The investigative series has been temporarily axed to allow for a probe by the Broadcasting Authority of Ireland into the defamation of Fr Kevin Reynolds in one of its programmes.
But a group representing Ireland’s priests say they are incensed that the under-fire series scooped a prestigious gong at last weekend’s IFTAs for an unrelated episode, which probed standards of care in nursing homes.
The Association of Catholic Priests also said it believes “Mission To Prey”, the programme in which Fr Reynolds was defamed, would actually have won the award for Best Current Affairs/News had the state broadcaster not been dragged to court in November.
RTÉ apologised in the High Court to missionary Fr Reynolds for grossly defaming him by falsely alleging in the programme, which was aired in May, that he raped a teenage girl in Kenya and fathered a child with her.
But the ACP, which supported Fr Reynolds in his legal action against RTÉ, said the decision to reward the series last weekend was “inappropriate” and against “common decency”.
Spokesman Tony Flannery said: “Would you believe it? Prime Time Investigates gets an award tonight. I have no doubt that, if we hadn’t been in the position to challenge them through the courts, the award would probably have gone to ‘Mission to Prey’.
“If the Church behaved like this, it would have been condemned on all sides. I would have thought that common decency, if nothing else, would have prevented such an award being given this year.”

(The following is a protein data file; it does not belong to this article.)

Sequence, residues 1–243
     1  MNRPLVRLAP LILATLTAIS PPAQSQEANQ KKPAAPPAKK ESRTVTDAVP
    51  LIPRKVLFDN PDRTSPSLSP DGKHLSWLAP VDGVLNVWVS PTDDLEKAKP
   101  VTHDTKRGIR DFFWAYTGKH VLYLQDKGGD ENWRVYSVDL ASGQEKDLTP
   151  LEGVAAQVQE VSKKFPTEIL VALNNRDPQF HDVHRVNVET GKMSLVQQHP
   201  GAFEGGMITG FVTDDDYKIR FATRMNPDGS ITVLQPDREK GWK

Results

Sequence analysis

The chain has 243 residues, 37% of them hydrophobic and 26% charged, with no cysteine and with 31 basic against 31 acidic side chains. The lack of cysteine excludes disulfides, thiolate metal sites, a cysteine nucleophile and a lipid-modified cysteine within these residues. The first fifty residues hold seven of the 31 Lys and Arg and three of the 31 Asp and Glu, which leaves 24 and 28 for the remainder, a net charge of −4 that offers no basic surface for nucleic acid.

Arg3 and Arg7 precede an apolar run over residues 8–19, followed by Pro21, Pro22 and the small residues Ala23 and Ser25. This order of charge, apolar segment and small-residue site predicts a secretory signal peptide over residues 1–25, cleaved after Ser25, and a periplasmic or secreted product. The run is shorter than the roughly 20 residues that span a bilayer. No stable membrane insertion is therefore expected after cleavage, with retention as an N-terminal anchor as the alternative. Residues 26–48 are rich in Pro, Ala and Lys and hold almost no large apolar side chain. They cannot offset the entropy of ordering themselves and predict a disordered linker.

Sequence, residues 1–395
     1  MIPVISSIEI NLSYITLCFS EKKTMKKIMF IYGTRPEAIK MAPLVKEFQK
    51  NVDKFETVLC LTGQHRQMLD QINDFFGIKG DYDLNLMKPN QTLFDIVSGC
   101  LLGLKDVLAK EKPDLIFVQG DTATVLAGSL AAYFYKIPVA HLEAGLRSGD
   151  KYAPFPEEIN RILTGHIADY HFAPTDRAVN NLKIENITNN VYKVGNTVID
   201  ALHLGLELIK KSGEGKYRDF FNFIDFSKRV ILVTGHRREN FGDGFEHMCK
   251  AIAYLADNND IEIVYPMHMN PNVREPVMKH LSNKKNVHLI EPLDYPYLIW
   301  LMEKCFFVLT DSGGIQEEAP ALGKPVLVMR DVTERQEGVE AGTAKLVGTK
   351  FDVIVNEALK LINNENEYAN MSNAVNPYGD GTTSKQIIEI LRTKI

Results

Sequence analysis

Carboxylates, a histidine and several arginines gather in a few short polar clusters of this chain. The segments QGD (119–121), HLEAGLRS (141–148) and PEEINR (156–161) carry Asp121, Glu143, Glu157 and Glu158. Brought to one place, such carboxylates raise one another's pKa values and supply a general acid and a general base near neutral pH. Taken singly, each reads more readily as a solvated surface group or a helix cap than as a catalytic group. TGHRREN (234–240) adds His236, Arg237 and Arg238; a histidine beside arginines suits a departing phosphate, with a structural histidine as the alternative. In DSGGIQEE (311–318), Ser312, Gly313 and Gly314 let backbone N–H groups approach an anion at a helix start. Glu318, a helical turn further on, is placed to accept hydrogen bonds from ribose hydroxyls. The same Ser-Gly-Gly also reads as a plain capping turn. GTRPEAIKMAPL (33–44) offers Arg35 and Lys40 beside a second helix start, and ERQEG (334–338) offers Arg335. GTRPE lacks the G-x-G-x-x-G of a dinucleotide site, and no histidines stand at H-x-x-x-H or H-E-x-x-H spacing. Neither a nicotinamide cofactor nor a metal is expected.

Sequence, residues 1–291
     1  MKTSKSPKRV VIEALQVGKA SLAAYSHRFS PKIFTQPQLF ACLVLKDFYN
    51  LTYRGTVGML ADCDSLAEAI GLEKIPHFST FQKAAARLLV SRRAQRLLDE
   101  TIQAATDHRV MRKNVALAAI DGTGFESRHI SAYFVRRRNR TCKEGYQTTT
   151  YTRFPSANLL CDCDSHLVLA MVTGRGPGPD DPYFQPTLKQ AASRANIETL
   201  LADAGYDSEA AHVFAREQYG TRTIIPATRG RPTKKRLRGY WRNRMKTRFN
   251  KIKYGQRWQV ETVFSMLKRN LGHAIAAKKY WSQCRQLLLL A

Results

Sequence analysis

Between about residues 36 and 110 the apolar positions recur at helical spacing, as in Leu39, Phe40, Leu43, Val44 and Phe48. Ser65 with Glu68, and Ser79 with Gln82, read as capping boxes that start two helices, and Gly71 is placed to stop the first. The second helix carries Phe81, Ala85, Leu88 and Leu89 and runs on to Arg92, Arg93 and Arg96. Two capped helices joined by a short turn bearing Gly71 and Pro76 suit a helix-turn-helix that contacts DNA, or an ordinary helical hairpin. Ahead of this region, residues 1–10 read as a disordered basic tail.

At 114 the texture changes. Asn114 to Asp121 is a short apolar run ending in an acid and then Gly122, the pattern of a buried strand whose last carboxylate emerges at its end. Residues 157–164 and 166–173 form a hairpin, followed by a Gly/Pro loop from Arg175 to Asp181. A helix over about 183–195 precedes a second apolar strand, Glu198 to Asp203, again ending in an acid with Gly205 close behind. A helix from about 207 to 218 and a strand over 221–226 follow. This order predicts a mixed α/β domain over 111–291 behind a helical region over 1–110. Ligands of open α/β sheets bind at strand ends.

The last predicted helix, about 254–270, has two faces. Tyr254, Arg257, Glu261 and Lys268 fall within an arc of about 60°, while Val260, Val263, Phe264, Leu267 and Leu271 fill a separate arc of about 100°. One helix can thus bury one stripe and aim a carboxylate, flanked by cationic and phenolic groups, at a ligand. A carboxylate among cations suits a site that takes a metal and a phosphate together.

Just days before the IFTAs, Prime Time Investigates presenter Miriam O’Callaghan told how she was hoping the series, which had two nominations in the current affairs/news category, would emerge a winner on the night, adding that it had “been a very difficult year for everyone on the show”.
But her remarks were also slammed by the ACP as “shameless”.
In an interview with The Irish Catholic, Fr Flannery said: “It was very inappropriate to give an award to any Prime Time Investigates programme this year.
“Miriam O’Callaghan going on record a few days before the awards hoping that Prime Time Investigates would get one was shameless.
“There is no doubt that if a bishop or religious leader acted in a similar way there would be widespread condemnation.”
Fr Flannery added that the IFTA decision was “doubly inappropriate considering there is a further case being taken against RTÉ in relation to that programme”.
Fr Reynolds received substantial damages from RTÉ late last year, while the broadcaster acknowledged the allegations were “baseless”, “without any foundation whatsoever and untrue” and “ought never to have been broadcast”.
Fr Reynolds has returned to work in Ahascragh, Co Galway, having been suspended from his duties following the allegations.